Emerson met in Washington with Marc Racicot, the special envoy picked by President George W Bush to setde the dispute, and offered to fly him to a B.C. timber community like Fort St. James to see the damage firsthand. Racicot made a return visit to B.C. last week for talks with industry and government leaders, but he limited his visit to Vancouver, which is, of course, the province’s largest clear-cut. Both Racicot, a former governor of Montana, and B.C. Premier Gordon Campbell left a meeting with only faint hope of major progress by Christmas. Yet people “with faces and homes and families” are being hurt on both sides of the border, said Racicot, whose home state is also reliant on timber revenue. He said a lasting resolution—“open fair trade based upon ffee-market principles”— requires negotiation rather than litigation. But litigation may be unavoidable.

Canfor’s Emerson has attained near-hero status in the province by opening, in frustration, another front in the sanctions

battle. Canfor has launched a $250-million (U.S.) lawsuit against the American government for what Emerson calls “capricious, arbitrary and punitive” violations of the free-trade agreement. He worried that the suit—which will take years to resolve— might be seen as fracturing the united Canadian negotiating front. Instead, he was “blown away” by the huge measure of public support hes received. He interprets it as a sense of relief that “somebody, somewhere, was actually standing up and trying to gain back some control.”

The logs for White Pine mill come from the coast, from Vancouver Island and from the rain-swept Queen Charlotte Islands. They come from Deborah Mantic, 45, and her husband, Andreas Uttendörfer, 58, who live in splendid isolation in the bush outside tiny Queen Charlotte City. He is a fallen She measures and grades timber.

They met more than 20 years ago at a Remembrance Day dance. “She was a young and beautiful log scaler,” he says. “I asked her to dance.” Their love affair with logging stretches back further still. They speak of it in spiritual terms. Mantic grew up in logging camps where her father was a high rigger. Uttendörfer says, simply: “Its just my life.” Sometimes he stands before a tree he will cut and imagines its future. He sees it living in another form: perhaps supporting a Japanese temple, or as a fine piece of furniture, or in an American home.

They work for Weyerhaeuser. Their cur-

rent layoff will stretch deep into January. Or longer. They, like many on the Charlottes, are living off their savings, and the salmon and venison in their freezer. They are not so much angry at their American neighbours as they are puzzled.

It didn’t go unnoticed that the U.S. imposed its latest duty in the same October week that HMCS Vancouver and 235 Canadian personnel left Vancouver Island to join the American-led war on terrorism. What, after all, was the lesson of the Sept. 11 tragedy but the value of building new alliances and strengthening old ones? asks Uttendörfer. “What I’m hoping for is that people come to their senses and see that it is important for us to stick together, to make our relationship work.”

NOT EVERYONE is as diplomatic. “Turn back the frigates,” demanded a letter writer to Vancouver’s Province newspaper. During a conference call, provincial Forests Minister Mike de Jong appealed to American journalists. Tell the U.S. commerce department, he urged, “that we’re actually on your side. You know, were one of the good guys.”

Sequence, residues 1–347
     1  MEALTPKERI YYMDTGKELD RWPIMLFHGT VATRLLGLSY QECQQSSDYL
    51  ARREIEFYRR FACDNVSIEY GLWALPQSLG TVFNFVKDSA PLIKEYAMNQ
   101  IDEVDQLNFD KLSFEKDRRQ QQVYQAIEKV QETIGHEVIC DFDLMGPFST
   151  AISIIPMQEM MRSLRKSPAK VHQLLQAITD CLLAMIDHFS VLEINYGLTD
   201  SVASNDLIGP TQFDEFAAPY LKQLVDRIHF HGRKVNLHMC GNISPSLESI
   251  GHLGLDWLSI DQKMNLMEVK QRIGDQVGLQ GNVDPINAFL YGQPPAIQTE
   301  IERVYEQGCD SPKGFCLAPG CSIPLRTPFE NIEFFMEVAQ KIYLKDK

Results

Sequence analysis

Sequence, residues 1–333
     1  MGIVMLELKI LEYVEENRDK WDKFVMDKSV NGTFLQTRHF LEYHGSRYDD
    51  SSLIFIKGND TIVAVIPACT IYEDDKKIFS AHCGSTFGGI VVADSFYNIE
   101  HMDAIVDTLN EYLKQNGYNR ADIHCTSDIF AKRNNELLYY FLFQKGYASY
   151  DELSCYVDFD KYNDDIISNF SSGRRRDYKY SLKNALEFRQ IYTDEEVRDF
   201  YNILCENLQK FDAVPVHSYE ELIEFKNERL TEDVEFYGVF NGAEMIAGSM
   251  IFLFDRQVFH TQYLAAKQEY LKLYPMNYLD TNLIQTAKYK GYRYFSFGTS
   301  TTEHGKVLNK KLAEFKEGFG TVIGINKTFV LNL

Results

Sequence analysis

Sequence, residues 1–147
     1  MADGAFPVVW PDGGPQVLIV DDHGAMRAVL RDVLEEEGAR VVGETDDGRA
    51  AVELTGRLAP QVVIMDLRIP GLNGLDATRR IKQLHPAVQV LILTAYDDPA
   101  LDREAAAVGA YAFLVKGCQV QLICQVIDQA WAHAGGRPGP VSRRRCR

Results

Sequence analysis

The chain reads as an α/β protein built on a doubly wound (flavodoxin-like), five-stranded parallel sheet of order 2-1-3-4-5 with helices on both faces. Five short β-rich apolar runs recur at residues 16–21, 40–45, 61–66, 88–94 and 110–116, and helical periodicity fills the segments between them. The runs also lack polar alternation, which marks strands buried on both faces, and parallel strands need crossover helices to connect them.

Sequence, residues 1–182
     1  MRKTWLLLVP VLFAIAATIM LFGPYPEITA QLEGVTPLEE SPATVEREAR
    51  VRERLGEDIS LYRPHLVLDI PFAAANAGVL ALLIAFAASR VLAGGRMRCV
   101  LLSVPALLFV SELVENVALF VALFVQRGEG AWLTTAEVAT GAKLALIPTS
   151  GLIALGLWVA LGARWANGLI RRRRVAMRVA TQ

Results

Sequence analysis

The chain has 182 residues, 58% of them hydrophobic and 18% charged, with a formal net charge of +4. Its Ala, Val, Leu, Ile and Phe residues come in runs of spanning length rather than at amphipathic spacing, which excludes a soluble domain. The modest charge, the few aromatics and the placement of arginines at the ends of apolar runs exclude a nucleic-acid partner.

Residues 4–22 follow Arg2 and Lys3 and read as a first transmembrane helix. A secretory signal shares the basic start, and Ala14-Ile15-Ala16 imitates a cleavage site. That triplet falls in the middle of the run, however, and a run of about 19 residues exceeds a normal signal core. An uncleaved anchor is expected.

Making that point is an expensive proposition. B.C. timber companies alone are spending $35 million annually on lawyers and consultants, and to lobby the issue onto the personal agendas of the leaders of both countries, the only hope for a lasting resolution. Simply getting the issue on the radar in a preoccupied Washington is a challenge. Companies like Home Depot, home

builders associations and other groups have formed their own lobby, American Consumers for Affordable Homes, to make the case for cheap lumber imports. The tariff on Canadian lumber, which accounts for a third of the U.S. market, adds an estimated $1,500 to the cost of a home, says spokeswoman Susan Petniunas. “The U.S. is pushing Canada around,” she says. “The important thing, we really believe, is for Canada to stand firm. We really think there is a huge chance to win on this.”

So far, though, the battle is political rather than consumer-driven. The wellfinanced U.S. timber lobby has a list of its own mill closures and failed businesses. It also has a powerhouse advocate in Montana’s Max Baucus, chairman of the Senate finance committee and an outspoken critic of Canadian timber imports.

The thousands of Canadian layoffs that resulted from the anti-dumping duty levied on Oct. 30 was front-page news for days in B.C. In the influential Washington Post, it merited a single business brief deep in the newspaper.

When the news did come, it was bad. On Nov. 14, Weyerhaeuser’s Vancouver office announcing the permanent closure of Canadian White Pine by March. It had operated since 1923—the first mill owned by H. R. MacMillan, and a foundation of the former MacMillan Bloedel empire. A nearby particleboard plant, employing 100, shuts in January. White Pine’s work will go to five other company mills in B.C. A Weyerhaeuser news release blamed an “unprecedented number of serious challenges” facing the B.C. coastal forest industry. Among them, the softwood lumber tariff, which left too many mills for too few markets.

Company staff had time to phone most workers with the news, but some heard it on the radio. Letters outlining setdement packages were hand-delivered later that day to workers’ homes. Dave Rodway, a lift-truck driver with 32 years seniority, said he’ll clear $20,000 severance after taxes. “I don’t know what I’m going to do,” he said, the shock still setting in. “Who’s going to hire me at 56?”

He gave a bitter laugh at the Weyerhaeuser letterhead on his severance notice. “The future is growing,” reads its motto. But not in B.C. E3